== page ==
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Tentative pay raise negotiated for state employees

HELENA (AP) — Gov. Brian Schweitzer's administration and labor unions have negotiated a 10 percent pay raise for state workers over the next two years, but there's a catch: The deal must be approved by legislators who won't meet until the lame-duck Democratic governor has left office.

Three public employee unions announced the deal Monday at the state Capitol. It calls for base pay raises of 5 percent and a 10 percent increase in the state's share of employees' health insurance premiums in each of the next two years, Lee Newspapers of Montana reported.

The deal would affect between 15,000 and 16,000 employees. The total cost would be $138 million, including $71 million from the state's general fund, Budget Director Dan Villa said.

The proposal will go to the 2013 Legislature after the term-limited Schweitzer leaves office. Last year, the Republican-controlled Legislature refused to pass a smaller raise that had been negotiated by the administration and the unions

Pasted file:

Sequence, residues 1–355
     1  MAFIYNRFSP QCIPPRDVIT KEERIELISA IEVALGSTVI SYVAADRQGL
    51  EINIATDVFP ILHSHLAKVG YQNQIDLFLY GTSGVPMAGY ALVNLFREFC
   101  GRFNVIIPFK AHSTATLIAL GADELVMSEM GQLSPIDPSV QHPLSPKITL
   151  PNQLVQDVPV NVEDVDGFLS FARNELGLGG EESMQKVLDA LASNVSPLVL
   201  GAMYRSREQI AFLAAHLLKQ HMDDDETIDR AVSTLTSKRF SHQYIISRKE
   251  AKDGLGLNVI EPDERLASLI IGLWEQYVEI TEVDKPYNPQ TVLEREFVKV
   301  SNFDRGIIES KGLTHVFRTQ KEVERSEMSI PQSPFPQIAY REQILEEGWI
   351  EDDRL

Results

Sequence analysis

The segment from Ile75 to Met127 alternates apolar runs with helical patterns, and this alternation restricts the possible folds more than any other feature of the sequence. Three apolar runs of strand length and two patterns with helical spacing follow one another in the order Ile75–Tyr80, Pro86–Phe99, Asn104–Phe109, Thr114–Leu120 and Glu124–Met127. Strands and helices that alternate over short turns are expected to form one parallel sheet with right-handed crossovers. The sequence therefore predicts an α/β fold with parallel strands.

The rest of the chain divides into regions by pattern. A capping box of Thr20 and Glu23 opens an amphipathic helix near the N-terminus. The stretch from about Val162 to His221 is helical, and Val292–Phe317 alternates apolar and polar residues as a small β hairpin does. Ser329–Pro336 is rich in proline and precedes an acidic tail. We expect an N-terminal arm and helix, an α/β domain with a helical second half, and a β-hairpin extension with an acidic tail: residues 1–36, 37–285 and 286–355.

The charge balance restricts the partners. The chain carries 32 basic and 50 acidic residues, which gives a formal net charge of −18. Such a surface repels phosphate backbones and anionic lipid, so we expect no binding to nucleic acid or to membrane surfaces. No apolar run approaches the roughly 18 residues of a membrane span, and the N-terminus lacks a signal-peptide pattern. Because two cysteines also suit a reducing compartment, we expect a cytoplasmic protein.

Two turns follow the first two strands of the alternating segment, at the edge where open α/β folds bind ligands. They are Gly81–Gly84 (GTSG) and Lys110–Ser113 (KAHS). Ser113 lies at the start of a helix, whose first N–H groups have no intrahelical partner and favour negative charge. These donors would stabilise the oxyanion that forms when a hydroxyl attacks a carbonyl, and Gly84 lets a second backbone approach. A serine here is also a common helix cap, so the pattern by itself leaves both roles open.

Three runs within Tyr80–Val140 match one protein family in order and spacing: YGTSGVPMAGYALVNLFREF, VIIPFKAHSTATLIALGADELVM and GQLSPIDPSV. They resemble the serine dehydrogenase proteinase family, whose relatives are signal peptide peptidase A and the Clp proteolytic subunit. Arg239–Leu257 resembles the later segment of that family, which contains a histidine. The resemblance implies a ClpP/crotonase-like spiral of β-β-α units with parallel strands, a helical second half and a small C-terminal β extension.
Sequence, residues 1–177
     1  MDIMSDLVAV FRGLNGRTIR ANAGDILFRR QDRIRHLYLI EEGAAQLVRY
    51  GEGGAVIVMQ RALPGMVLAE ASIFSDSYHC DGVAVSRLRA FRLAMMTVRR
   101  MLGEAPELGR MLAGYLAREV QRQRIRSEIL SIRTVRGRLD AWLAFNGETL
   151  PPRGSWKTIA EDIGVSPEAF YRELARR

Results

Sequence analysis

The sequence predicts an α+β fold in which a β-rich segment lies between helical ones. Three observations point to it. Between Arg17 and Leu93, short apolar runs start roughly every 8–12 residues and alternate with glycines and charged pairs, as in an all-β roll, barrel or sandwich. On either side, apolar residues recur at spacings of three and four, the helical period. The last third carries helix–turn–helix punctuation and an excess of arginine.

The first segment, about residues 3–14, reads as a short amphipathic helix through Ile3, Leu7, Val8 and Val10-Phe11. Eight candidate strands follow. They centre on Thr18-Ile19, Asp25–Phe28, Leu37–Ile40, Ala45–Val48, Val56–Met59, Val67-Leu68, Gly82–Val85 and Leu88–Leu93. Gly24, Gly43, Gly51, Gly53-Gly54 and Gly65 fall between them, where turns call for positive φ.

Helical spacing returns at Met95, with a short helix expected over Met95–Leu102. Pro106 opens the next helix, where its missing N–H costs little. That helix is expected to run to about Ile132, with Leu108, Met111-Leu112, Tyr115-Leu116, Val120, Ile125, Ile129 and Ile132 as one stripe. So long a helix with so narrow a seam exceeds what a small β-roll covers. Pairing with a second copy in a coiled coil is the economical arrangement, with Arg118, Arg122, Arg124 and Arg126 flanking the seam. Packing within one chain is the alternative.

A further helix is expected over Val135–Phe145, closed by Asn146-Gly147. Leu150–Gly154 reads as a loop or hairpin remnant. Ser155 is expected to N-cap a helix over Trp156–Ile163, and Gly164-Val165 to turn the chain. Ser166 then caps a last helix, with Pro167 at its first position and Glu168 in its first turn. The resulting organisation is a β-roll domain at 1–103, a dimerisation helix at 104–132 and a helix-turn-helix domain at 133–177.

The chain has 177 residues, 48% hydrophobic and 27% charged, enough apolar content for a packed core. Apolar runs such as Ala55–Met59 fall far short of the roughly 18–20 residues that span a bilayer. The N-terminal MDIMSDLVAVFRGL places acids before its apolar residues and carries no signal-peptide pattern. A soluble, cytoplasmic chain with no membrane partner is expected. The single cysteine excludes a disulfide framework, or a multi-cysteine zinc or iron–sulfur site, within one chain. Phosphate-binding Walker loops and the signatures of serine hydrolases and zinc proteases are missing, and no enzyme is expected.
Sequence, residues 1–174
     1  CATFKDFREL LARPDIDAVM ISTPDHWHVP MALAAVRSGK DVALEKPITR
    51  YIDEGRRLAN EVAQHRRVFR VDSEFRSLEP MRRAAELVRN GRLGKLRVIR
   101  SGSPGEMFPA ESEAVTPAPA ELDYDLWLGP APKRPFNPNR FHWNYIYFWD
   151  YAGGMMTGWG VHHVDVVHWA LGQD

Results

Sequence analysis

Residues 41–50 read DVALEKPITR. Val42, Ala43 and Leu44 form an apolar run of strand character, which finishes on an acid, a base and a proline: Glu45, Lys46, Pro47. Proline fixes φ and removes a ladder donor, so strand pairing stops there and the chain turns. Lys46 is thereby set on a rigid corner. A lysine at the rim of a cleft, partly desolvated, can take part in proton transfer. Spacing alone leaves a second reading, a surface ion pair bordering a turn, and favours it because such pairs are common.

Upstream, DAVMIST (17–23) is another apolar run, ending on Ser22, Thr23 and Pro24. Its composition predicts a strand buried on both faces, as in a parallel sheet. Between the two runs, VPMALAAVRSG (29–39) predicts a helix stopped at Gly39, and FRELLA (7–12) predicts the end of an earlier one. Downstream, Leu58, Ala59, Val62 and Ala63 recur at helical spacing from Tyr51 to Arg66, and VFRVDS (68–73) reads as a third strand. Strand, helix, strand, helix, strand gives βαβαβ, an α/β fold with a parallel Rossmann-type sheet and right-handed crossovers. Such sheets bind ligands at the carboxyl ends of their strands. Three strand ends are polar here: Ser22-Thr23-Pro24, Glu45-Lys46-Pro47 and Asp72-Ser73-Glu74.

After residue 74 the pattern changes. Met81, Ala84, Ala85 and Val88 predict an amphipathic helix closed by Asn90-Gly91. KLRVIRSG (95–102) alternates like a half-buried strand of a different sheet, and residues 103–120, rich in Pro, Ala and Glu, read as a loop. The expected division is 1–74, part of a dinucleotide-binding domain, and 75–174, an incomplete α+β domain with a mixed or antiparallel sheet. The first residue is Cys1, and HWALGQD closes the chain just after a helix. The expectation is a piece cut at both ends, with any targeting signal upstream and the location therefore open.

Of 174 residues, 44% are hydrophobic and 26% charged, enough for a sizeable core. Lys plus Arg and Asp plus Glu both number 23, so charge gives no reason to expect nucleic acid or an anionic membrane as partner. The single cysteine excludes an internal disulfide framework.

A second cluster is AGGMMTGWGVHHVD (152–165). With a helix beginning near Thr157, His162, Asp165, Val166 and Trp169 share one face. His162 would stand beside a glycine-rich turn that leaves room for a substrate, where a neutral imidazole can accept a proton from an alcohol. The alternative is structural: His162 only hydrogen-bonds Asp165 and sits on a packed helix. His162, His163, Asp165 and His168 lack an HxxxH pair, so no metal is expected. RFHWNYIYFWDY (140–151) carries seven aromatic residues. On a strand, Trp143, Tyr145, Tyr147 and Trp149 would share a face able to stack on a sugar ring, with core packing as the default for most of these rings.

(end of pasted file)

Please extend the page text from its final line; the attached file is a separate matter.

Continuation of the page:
State workers have had their base pay frozen since 2009, when unions agreed to a two-year freeze because of declining state revenues.

Members of the MEA-MFT, Montana Public Employees Association and American Federation of State, County and Municipal Employees, Council 9, praised Schweitzer and his administration for agreeing to the deal.

Dan Dolan, MPEA's president of the board of directors, said, "As state employees, we have helped shoulder the economic recovery of the state of Montana. But our work has just started. We need to change some minds and change some opinions."

Schweitzer, who was in Washington state attending a Western Governors' Association meeting, had no immediate comment on the deal

Larry Nielsen of the MEA-MFT said he was "very confident" about the chances of the Legislature passing the pay deal next year, and there is sufficient money available to pay for the plan.

State employees have the "dedication to go out and do the right thing, to elect the right Legislature and to lobby that Legislature and to guarantee that state employees are honored for the hard work they do," Nielsen said

After the 2011 Legislature rejected the pay deal, the three public employee unions filed an unfair labor complaint against the Legislature. Last month, the state Board of Personnel Appeals dismissed the unions' complaint.


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